Workout of the Day

Take A Stand


What if the way you stand is leading to pain and dysfunction? That hip pain? Low back ache? That weird shoulder?

Standing is about as basic as it gets, but that doesn’t mean there aren’t better and worse ways to go about it. And while it’s common practice to link mysterious injuries or aches and pains to something that must have gone awry in your physical activity regimen, simple things like sitting, laying, walking, and standing are often the bigger culprit in nagging ailments. Yes, deadlifting poorly will absolutely hurt your low back; but to assume that you can sit/lay/walk/stand haphazardly for the 23 hours that you’re not exercising every day and get away with it is a mistake. It’s a simple game of numbers.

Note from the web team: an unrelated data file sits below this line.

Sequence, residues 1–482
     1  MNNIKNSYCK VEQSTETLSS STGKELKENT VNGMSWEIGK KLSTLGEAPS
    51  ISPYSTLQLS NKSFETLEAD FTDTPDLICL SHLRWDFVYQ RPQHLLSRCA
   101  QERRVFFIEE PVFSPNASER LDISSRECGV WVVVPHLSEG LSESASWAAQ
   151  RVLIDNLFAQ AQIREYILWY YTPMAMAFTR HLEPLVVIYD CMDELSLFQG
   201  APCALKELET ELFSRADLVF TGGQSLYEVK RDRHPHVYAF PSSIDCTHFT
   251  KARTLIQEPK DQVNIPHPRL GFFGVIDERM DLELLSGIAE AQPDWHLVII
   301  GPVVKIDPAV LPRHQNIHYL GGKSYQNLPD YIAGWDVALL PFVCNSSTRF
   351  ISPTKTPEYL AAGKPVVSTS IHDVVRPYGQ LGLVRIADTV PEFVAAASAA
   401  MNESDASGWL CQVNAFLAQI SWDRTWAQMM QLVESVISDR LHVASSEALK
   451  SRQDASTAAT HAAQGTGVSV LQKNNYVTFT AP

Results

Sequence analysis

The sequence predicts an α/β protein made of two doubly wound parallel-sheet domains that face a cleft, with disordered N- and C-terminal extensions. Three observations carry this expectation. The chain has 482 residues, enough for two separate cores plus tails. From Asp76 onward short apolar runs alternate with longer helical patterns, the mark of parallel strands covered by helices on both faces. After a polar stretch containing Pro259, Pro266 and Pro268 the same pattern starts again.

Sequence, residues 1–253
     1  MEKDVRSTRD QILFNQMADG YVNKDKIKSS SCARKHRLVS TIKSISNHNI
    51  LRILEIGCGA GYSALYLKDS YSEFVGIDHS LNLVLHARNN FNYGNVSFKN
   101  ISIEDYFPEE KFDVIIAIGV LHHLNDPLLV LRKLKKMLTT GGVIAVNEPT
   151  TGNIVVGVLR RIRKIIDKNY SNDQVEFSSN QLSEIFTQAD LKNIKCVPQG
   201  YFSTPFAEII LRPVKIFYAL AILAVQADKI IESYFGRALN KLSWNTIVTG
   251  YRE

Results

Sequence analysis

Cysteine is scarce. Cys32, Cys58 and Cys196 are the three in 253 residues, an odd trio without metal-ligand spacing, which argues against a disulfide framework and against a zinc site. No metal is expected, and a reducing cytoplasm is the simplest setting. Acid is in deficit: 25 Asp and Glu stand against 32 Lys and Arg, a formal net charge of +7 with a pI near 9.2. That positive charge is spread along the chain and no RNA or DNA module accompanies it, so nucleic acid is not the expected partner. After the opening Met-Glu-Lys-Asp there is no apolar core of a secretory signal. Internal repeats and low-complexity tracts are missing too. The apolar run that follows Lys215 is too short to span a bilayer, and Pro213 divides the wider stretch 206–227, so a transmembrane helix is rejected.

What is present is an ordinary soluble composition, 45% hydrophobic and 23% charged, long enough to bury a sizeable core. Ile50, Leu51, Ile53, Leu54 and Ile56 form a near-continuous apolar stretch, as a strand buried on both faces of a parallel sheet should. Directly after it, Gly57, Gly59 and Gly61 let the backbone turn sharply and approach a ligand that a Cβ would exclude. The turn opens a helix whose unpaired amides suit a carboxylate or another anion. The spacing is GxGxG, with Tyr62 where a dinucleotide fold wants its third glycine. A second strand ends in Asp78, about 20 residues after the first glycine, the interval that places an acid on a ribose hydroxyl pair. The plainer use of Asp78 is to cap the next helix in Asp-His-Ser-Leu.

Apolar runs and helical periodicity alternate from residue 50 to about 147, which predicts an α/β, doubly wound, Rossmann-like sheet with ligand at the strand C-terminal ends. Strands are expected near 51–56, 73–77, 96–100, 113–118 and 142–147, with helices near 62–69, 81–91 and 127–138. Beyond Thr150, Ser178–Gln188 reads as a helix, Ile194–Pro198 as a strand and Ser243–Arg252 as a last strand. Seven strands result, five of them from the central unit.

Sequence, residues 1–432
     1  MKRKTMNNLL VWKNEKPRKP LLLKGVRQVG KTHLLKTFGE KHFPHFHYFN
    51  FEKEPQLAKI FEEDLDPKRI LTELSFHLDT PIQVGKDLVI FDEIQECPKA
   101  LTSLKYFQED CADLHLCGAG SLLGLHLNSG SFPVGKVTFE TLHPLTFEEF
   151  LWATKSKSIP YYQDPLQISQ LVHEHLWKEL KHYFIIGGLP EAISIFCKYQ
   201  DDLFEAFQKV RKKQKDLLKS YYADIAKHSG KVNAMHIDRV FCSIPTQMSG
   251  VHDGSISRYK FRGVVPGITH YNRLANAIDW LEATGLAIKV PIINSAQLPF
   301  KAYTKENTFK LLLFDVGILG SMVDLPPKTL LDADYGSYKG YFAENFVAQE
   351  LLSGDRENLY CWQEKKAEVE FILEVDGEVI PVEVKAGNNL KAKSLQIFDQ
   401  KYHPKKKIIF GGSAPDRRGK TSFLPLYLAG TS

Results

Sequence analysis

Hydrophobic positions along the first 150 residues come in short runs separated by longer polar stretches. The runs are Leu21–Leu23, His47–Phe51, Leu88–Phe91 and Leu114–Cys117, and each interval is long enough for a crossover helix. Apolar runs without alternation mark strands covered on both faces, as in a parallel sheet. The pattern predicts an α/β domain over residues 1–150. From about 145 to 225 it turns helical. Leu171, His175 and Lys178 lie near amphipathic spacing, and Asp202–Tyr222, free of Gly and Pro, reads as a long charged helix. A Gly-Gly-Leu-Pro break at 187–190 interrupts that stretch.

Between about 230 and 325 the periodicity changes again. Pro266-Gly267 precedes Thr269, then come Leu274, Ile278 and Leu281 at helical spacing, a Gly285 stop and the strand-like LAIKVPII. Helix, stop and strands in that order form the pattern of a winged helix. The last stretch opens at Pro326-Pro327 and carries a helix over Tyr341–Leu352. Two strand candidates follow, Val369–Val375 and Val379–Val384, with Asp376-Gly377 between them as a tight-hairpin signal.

A few simple cues give us a good jumping off point for fixing our position when we stand (and this applies neatly to our walking and sitting, too).

1 - Toes forward. You’re not a duck, so don’t stand like a duck.

2 - Butt and abs “lightly active.” Keeping your glutes and abs lightly “activated” (we’ll call it 50% “on”) will set your hips in a good position and prevent any excess curve in your low back.

3 - Head tall, shoulders back and relaxed. Don’t hang your head in front of your body or slump your shoulders forward -- stack your head, spine, hips, and limbs up like a tower of Lincoln Logs.

If you habitually stand in a poor position, this won’t be a simple overnight fix. But, if you can emblazon these simple cues in the back of your mind, you might catch yourself standing like a fool and make the proper adjustments. And who knows, it may just make those mysterious injuries disappear.

- PS


  • Every 4 min for 20 mins, individually for time:

    • 5 deadlifts (315/205)

    • 5 bar muscle-ups

    • 20 burpees over bar

*record slowest time